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gainsay

[geyn-sey, geyn-sey] /ˈgeɪnˌseɪ, geɪnˈseɪ/
verb (used with object), gainsaid, gainsaying.
1.
to deny, dispute, or contradict.
2.
to speak or act against; oppose.
Origin
1250-1300
1250-1300; Middle English gainsaien. See again, say1
Related forms
gainsayer, noun
ungainsaid, adjective
Dictionary.com Unabridged
Based on the Random House Dictionary, © Random House, Inc. 2014.
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Examples from the web for gainsaid
  • It cannot be gainsaid that the controversy was not commenced and pending at the time of the filing of the bankruptcy case.
  • It cannot be gainsaid that the complainants, long and loudly, requested a parking space accommodation.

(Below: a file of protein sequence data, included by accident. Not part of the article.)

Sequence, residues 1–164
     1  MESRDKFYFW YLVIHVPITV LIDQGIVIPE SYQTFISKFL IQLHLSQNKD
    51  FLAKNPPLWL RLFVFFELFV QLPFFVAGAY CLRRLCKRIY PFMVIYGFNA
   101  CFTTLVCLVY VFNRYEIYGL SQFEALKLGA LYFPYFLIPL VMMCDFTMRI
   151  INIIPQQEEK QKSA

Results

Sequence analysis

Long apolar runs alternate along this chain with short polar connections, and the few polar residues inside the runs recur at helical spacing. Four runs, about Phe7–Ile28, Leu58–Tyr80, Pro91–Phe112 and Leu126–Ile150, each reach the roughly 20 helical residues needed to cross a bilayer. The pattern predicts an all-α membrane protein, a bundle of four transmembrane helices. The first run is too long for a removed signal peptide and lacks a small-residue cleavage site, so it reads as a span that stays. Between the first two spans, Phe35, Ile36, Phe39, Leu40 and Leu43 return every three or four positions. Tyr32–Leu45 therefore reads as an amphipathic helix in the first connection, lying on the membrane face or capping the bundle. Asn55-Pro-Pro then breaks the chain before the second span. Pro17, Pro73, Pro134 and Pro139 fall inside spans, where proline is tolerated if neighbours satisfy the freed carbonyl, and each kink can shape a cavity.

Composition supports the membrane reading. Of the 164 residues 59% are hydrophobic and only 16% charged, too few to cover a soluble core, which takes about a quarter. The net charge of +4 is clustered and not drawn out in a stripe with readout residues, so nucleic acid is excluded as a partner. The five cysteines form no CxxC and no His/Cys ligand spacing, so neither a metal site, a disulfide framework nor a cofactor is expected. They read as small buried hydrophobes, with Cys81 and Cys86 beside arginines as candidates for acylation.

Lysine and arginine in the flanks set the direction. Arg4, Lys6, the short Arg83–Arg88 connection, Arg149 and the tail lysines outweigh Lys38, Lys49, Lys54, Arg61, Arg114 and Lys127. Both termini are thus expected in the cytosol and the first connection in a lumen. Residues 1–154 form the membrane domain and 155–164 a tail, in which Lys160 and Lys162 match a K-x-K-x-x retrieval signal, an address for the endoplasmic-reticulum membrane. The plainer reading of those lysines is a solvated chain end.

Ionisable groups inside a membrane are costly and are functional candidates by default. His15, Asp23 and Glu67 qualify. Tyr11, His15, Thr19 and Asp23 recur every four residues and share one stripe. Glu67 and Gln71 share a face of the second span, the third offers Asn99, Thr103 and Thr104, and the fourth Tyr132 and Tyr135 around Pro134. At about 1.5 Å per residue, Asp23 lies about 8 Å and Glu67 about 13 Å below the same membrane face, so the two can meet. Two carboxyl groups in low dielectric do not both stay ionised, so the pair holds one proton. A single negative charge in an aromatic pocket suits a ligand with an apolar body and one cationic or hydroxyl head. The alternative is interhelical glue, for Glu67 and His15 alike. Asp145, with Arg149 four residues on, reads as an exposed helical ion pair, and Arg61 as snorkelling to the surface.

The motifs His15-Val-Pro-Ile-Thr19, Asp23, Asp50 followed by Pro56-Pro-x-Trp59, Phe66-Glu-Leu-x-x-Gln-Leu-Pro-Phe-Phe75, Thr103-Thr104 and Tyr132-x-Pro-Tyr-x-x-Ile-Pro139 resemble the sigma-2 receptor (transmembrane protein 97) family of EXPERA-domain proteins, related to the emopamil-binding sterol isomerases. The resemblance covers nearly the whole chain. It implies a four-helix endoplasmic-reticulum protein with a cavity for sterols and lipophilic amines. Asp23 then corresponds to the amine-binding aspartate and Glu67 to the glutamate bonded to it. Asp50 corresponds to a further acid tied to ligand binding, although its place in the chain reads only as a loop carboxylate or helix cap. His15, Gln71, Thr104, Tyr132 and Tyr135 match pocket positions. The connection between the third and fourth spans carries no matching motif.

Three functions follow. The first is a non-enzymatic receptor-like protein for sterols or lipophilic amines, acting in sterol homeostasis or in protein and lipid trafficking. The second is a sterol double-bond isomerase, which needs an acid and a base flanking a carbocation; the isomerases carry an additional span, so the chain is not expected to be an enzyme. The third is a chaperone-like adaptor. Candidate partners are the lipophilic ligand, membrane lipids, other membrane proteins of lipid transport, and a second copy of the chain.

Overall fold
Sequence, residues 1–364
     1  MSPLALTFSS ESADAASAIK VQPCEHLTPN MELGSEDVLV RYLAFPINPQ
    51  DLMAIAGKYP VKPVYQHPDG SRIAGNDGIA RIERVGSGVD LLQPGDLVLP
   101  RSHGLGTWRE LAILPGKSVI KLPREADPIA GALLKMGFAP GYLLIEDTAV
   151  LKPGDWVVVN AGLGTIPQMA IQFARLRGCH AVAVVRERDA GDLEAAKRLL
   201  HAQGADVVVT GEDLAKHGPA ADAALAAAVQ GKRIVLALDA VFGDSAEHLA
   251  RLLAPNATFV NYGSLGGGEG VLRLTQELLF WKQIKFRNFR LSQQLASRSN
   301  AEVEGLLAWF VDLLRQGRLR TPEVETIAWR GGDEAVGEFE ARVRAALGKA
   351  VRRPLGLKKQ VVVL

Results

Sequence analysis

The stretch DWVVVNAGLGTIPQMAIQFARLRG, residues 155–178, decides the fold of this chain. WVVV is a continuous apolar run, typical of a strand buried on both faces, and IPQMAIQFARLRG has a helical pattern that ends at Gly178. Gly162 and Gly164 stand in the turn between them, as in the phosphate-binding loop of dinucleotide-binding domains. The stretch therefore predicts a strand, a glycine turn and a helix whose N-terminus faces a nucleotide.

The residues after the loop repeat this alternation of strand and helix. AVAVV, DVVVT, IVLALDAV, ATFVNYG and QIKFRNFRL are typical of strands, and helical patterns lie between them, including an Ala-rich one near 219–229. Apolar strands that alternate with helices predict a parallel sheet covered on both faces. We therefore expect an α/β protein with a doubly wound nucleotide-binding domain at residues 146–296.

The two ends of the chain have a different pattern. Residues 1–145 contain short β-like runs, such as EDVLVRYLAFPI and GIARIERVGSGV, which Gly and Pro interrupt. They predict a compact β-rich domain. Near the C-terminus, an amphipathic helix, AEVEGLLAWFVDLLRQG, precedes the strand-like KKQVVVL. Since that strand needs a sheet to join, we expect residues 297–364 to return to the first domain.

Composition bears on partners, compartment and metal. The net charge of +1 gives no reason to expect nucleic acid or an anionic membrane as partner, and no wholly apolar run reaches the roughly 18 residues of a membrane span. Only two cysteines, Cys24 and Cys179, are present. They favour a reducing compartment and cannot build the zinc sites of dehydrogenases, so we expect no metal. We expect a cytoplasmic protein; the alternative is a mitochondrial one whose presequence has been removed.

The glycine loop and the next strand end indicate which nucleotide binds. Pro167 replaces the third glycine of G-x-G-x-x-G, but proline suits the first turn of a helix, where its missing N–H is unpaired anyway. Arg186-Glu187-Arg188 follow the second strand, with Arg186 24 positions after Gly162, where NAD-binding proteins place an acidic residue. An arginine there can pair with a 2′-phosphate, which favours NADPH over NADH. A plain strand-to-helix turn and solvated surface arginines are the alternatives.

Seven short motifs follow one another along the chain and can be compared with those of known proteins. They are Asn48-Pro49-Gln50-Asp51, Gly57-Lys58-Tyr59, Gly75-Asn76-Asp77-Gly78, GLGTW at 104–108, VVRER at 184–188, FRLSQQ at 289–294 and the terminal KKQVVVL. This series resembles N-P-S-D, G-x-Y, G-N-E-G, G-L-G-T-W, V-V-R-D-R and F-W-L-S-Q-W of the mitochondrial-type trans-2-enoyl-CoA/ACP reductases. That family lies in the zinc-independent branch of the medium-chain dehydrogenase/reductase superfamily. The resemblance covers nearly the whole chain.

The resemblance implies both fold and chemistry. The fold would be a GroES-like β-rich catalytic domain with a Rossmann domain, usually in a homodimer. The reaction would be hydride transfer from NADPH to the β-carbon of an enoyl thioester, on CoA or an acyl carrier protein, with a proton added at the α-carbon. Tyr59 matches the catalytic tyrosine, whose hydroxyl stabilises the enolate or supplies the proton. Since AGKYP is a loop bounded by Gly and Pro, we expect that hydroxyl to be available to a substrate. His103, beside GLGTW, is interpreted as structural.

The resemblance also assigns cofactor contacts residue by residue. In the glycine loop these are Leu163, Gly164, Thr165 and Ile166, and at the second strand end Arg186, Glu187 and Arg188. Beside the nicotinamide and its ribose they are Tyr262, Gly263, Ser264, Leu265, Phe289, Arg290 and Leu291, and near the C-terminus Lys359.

British Dictionary definitions for gainsaid

gainsay

/ɡeɪnˈseɪ/
verb -says, -saying, -said
1.
(transitive) (archaic or literary) to deny (an allegation, a statement, etc); contradict
Derived Forms
gainsayer, noun
Word Origin
C13 gainsaien, from gain-against + saien to say1
Collins English Dictionary - Complete & Unabridged 2012 Digital Edition
© William Collins Sons & Co. Ltd. 1979, 1986 © HarperCollins
Publishers 1998, 2000, 2003, 2005, 2006, 2007, 2009, 2012
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Word Origin and History for gainsaid

gainsay

v.

"contradict," c.1300, literally "say against," from Old English gegn- "against" (see again) + say (v.). "Solitary survival of a once common prefix" [Weekley], which was used to form such now-obsolete compounds as gain-taking "taking back again," gainclap "a counterstroke," gainbuy "redeem," and gainstand "to oppose." Related: Gainsaid; gainsaying.

Online Etymology Dictionary, © 2010 Douglas Harper
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